Shortness of time also means that it can be easy to prioritise convenience – using local elites (for example community leaders) as entry points into communities, and perhaps overlooking the additional effort required to seek out the more marginalised members who are less visible but should equally have their voices heard in identifying needs and priorities. When this happens, the resulting projects are also inequitable and contribute to reinforcing inequality.

When projects come to an end they are invariably evaluated. However, these evaluations can prioritise looking at whether they did what they said they would do, and whether they did it well.  This means they will not actively look for offsite effects and who wasn’t included and how their levels of vulnerability have changed. More importantly the evaluation typically uses up the last part of the project’s budget – leaving nothing to go back a year later and check on the sustainability of the intervention, or consider bigger picture lessons that would usefully inform the effectiveness and equity of the activities.

Ensuring projects are coordinated with a bird’s eye view

Strengthening national level coordination and lesson sharing is key. A bird’s eye view of the landscape of projects is necessary to overcome the risk of vulnerability redistribution, and to ensure effective lesson sharing. This requires some kind of higher level coordination. The national line ministry with responsibility for climate change and adaptation could play this role – like a programmatic approach, but covering a whole country.

Maintaining a repository of outputs and studies, cultivating conversations to identify and reflect on lessons, and ensuring that new projects are designed taking these into account would overcome some of the risks of a fragmented project approach. Having such coordination in place would also make it easier to see if the geographical distribution of projects on aggregate is matching the geographical distribution of vulnerability – highlighting priorities for further interventions to reduce vulnerability

Involving researchers in the design, implementation and evaluation of adaptation projects

Involving researchers in adaptation projects – before, during and after implementation – capitalises on their greater depth of knowledge and capacity to use this to ask a broader range of questions. Project implementation staff are often forced to work quickly and focus on the rollout of planned activities, which leaves them short of time for the deeper, more reflective and critical work where researchers excel.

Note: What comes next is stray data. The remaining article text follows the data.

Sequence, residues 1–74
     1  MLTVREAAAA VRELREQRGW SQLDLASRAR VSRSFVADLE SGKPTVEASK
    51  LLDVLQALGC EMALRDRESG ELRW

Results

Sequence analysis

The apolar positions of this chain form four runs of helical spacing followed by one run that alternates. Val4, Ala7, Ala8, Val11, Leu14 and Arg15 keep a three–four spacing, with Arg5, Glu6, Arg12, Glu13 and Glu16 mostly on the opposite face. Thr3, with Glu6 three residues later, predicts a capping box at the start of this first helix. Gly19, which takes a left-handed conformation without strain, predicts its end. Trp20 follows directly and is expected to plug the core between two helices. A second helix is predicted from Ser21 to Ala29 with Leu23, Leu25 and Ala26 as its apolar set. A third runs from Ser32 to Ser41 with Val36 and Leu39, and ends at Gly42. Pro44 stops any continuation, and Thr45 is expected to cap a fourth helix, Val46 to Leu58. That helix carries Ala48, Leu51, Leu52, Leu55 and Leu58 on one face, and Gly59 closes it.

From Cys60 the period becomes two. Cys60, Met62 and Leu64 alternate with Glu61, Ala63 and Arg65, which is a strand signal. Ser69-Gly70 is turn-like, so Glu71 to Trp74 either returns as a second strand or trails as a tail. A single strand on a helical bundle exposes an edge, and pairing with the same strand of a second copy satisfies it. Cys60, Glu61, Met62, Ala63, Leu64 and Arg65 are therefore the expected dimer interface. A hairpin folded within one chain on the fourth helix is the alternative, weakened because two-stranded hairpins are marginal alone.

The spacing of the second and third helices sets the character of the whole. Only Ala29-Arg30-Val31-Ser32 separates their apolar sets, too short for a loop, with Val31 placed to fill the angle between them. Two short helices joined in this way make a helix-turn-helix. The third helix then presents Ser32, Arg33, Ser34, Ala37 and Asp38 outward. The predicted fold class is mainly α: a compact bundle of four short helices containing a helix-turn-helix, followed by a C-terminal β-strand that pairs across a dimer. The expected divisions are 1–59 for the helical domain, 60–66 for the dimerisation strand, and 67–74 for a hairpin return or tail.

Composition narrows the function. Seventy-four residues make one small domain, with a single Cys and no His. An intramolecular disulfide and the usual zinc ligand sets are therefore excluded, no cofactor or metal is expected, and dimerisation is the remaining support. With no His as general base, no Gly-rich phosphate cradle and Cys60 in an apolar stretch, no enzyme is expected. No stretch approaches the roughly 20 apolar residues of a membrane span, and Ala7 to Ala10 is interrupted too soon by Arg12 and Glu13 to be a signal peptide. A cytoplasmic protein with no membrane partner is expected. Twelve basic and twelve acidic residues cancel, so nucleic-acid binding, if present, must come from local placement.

There are strong and growing communities of adaptation researchers. However, they largely work in parallel to adaptation practitioners and, crucially, those who are designing and implementing projects. Forging partnerships between the two would unlock improved flow of relevant information. Researchers could bring their skills to bear in more in-depth and inclusive vulnerability assessment, and contributing to critical learning from projects that may take place outwith the project’s actual duration – contributing the much needed longer term insights.

Of course both of these options require appropriate funding and institutional mechanisms to be in place. Major adaptation finance providers, whether multilateral funds such as the Green Climate Fund or bilateral donors, such as the UK, Norway, and Germany, could modify the proposal design and evaluation criteria to promote the incentives necessary for this to happen, and consider additional support to enable the national level coordination that increases the effectiveness of their investments.

Adaptation needs are significant, and will continue into the future. With these new findings highlighting opportunities for improvement in adaptation projects reducing vulnerability, it is critical that we make the changes necessary to improve effectiveness and equity.


Images: all courtesy World Bank photo collection